I work at a public access TV station where pretty much anyone can get their video on the air after filling out a free membership application and going to a 1-hr orientation class, and I was thinking if Shimer put out a video (SOMEbody's got to have a Camcorder around, and I'm sure someone knows how to edit) it is likely that many public access stations would air it (most of them will air anything, but some of them want local sponsors--but if we put our heads together we may be able to figure a way through the logistical issues that come up). Of course it couldn't be exactly an advertisement, but a short "for more information, please contact" with a phone number and the Shimer web address would be acceptable.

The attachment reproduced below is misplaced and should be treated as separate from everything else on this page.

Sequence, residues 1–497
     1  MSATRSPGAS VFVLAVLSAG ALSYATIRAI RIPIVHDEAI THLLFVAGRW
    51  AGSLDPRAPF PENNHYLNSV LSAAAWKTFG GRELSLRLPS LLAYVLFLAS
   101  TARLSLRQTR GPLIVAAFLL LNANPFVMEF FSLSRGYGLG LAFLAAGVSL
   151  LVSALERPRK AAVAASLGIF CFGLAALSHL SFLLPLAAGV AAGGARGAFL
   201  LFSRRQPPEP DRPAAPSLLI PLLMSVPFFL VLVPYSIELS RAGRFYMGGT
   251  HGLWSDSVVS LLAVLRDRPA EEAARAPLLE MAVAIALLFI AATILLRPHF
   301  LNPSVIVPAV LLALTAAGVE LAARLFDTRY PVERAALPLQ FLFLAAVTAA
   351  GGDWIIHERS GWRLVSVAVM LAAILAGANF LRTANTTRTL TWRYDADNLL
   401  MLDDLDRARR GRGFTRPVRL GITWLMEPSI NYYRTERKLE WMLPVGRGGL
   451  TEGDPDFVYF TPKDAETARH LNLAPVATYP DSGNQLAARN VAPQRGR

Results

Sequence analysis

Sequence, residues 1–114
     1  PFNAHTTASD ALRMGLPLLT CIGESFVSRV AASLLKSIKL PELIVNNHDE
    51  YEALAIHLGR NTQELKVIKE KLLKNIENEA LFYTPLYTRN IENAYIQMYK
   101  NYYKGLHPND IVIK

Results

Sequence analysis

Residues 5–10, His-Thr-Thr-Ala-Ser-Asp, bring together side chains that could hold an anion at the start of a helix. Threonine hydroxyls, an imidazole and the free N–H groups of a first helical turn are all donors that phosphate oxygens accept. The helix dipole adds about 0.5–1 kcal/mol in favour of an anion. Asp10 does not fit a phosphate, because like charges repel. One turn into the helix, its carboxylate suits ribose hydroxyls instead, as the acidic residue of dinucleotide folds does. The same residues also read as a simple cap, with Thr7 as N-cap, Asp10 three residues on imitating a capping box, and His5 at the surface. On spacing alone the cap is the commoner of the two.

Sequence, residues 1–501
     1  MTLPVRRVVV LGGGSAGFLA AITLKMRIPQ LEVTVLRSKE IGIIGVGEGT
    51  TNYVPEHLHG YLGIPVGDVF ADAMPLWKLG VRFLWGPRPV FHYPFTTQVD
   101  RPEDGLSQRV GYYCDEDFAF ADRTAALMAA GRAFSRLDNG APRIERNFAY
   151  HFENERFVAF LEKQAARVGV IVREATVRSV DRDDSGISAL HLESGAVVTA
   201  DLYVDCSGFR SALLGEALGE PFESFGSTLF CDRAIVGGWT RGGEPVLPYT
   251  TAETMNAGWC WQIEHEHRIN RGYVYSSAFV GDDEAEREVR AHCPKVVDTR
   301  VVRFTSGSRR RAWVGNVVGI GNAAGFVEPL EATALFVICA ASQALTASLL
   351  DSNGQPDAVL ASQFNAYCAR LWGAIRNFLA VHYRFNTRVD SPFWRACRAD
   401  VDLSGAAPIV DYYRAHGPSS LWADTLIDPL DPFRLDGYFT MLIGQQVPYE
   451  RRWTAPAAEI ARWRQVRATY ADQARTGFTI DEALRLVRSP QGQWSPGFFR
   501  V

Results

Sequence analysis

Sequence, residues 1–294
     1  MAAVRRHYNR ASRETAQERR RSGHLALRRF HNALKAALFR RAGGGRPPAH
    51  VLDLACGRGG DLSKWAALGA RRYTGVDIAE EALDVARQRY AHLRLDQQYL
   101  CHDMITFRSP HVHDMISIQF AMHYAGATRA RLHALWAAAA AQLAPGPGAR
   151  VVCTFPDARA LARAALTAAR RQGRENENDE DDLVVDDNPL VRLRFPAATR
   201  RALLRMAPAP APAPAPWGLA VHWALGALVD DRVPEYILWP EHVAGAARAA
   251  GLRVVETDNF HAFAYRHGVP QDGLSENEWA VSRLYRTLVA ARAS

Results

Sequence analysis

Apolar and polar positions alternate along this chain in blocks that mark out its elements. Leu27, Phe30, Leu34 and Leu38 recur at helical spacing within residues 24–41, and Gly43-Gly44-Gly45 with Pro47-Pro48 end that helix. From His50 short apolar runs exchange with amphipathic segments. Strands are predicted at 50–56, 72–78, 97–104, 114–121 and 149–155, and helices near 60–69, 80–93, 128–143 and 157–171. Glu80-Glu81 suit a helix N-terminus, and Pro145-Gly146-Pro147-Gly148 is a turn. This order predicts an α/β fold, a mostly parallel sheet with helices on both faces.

Also I know a lot of magazines (smaller but still ont he newsstands type o' rags) that may be interested in publishing articles about Shimer if we could spin it the right way (again, something that I think most Shimer alums would be quite adept at).

This would of course be a long-term strategy to get the word out and may not have immediate effects, and since my phone call with Dave Shiner isn't scheduled until late next week, I'm not sure how dire the situation really is...

Vicky said...

I heard about this blog in a message from Sara. I don't know any of you guys, but I am a Shimer graduate, and I do have something to say (rather a lot…)
Since most of you already seem to be set against the proposal to move, this long message probably won't persuade you otherwise, but I'll post it anyway. Feel free to e-mail me if you want any more details about anything.